Bahamian Eating Habits:
Presented By: Italia Douglas
Student Number: 000-04-8030
Course: Nutrition 100-4
Date: Wednesday 17th, October 2012.
Table of Contents
2. Healthy Eating Habits
3. Unhealthy Eating Habits
“Conch salads, conch fritters, oh so many things to eat. Crack conch and scorch conch all adds up to a Bahamian treat,” according to Shamara Curry (2009).
The Bahamian culture is filled with customs and heritage. It’s rich and diverse displayed by the way we dress, our music, along with the island-flavored foods that we eat. Delicacies such as conch salad, crack lobster, conch fritters and guava duff are local and international favorites. As Bahamians, some of us live a healthy lifestyle and some of us do not. This can be seen with reference to our eating habits. These patterns are developed over time from the diets that we maintain. A diet is the kind of food that a person habitually eats (Webster’s Dictionary, 2002). Some foods may be good and provide us with nutritional value, while others may have little or no nutritional content. We all need to eat in order for growth and maintenance of the body. Our diets determine our lifestyle whether it’s healthy or unhealthy. The foods that make up our daily diet are broken down into portions. A portion is the amount of food chosen to eat for a meal or snack (Webster’s Dictionary, 2002). Derived from these portions are servings which are an exact measure of food for a meal or snack, i.e. slice of bread or a cup of water. Moreover, the way we also prepare our meals contribute to the habits that we develop. Many may prefer foods that are baked, grilled or broiled (healthy choices) or deep fried (unhealthy choice). How we also consume these meals and when we do can also play a role into our eating habits. Next to this, cultural influences such as homecomings, regattas as well as ‘fish fries’ can affect our lifestyle as well.
Healthy Eating Habits
A healthy diet is one that is balanced and composed of foods from each of the food groups. In the Bahamas, a Cultural Food Drum has been developed to denote our local food groups and the key nutrients that should be factored into our diets. There are 7 different categories; cereals and starchy vegetables, vegetables, fruits, meat and dairy, beans and peas, fats, and sugars and sweeteners. Along with these items from the aforementioned, we must follow dietary guidelines to maintain our healthy eating habits. Limiting the amount of greasy foods that we eat and including starchy vegetables, peas and beans into our diets are examples of local dietary guidelines. Next to this, a good diet can also be seen with how much and when we eat, the way our foods our prepared along with traditions that influence diets.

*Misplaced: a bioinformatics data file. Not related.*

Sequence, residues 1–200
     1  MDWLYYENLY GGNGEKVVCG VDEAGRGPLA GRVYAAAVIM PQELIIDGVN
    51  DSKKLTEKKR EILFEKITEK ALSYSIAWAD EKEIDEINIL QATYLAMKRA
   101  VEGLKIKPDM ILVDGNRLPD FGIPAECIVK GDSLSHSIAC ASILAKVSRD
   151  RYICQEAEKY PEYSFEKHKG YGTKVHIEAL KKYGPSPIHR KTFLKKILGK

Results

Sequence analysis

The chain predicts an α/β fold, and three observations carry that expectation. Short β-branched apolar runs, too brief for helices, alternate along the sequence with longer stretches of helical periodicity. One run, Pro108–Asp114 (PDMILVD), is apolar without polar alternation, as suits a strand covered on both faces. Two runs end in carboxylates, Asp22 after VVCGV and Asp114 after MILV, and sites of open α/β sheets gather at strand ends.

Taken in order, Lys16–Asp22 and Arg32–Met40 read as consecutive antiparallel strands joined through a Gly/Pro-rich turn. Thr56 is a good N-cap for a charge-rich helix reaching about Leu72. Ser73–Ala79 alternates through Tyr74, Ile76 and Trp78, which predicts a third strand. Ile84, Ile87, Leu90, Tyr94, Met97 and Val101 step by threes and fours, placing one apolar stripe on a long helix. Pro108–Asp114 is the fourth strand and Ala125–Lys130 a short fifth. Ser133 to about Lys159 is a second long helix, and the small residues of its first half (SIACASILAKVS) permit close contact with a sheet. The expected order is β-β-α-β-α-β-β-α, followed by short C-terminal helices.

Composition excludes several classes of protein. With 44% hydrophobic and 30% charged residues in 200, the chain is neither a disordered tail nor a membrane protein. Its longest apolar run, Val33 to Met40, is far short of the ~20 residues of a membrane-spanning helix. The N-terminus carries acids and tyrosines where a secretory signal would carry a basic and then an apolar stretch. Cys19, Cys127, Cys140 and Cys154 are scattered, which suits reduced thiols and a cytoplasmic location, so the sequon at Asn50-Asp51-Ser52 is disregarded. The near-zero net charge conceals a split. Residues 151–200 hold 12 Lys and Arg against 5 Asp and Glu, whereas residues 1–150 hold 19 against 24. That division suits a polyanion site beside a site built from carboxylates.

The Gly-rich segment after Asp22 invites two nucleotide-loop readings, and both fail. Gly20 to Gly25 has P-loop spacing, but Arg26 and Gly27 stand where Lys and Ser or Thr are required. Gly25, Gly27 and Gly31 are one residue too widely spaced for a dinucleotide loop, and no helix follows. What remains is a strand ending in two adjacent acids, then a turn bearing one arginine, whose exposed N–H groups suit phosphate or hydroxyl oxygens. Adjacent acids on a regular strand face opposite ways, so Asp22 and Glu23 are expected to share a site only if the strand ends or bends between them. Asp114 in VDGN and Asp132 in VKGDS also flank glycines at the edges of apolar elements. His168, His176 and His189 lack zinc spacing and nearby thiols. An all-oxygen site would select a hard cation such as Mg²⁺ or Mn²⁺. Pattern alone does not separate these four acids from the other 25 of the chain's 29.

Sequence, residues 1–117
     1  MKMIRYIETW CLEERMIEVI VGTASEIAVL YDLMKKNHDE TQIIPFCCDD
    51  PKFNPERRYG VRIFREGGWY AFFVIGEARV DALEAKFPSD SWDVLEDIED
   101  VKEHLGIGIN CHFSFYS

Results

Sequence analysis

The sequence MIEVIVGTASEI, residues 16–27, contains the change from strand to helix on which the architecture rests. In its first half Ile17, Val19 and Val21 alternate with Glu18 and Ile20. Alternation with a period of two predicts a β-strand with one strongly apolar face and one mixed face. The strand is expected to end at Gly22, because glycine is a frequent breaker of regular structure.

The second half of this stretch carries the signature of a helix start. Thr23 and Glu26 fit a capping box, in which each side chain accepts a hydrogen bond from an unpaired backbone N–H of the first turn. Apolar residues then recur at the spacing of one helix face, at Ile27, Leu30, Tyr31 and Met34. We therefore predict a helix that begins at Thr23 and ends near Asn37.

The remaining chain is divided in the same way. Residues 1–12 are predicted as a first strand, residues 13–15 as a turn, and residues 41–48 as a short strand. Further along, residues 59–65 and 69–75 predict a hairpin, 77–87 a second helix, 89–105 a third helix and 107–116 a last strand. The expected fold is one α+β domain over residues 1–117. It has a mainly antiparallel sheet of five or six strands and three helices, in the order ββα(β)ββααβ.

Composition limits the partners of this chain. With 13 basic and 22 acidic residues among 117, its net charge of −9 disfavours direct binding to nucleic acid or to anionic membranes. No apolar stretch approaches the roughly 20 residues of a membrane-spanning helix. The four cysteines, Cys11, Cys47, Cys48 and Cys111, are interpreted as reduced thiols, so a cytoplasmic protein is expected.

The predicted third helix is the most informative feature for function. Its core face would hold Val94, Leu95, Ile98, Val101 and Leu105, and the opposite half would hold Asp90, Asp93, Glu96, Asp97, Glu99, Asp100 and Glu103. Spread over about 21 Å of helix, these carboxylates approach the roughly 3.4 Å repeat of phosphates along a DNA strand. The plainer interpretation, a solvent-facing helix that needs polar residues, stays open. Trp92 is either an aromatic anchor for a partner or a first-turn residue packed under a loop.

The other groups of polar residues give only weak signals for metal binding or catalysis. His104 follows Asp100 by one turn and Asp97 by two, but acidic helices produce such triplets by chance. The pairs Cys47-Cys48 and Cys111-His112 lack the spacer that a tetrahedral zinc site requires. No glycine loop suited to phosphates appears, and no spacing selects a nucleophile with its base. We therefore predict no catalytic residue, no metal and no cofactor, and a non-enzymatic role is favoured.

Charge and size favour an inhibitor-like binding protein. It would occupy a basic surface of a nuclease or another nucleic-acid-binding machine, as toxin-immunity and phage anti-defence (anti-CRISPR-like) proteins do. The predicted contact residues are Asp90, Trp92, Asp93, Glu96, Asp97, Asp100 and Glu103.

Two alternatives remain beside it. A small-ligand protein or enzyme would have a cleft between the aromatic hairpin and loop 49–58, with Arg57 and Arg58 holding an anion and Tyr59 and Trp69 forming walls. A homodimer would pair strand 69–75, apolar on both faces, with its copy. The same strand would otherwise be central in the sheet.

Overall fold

Firstly, Bahamians with healthy eating habits make the conscious decision to have this lifestyle. Many follow suit of their forefathers (mainly on the family islands) or they eat with regards to their health conditions or to avoid any. It has been said by many that our forefathers ate from the ground, hence the reason they sustained long and healthy lives. They consumed large amounts of fruits and vegetables. They drank lots of water and rested sufficiently. Next to this, healthy eating is done with moderation. Foods are consumed in smaller portions to satisfy hunger. When there is a craving for a snack, they have a fruit or nuts. These snacks satisfy hunger and at the same time it does not cause any excessive weight gain. Portion sizes are controlled with the number of servings at the time of consumption. For example, one may have a bowl of local boiled fish along with two slices of homemade bread and a glass of water for breakfast. This can be viewed as a healthy choice not only because of its contents...
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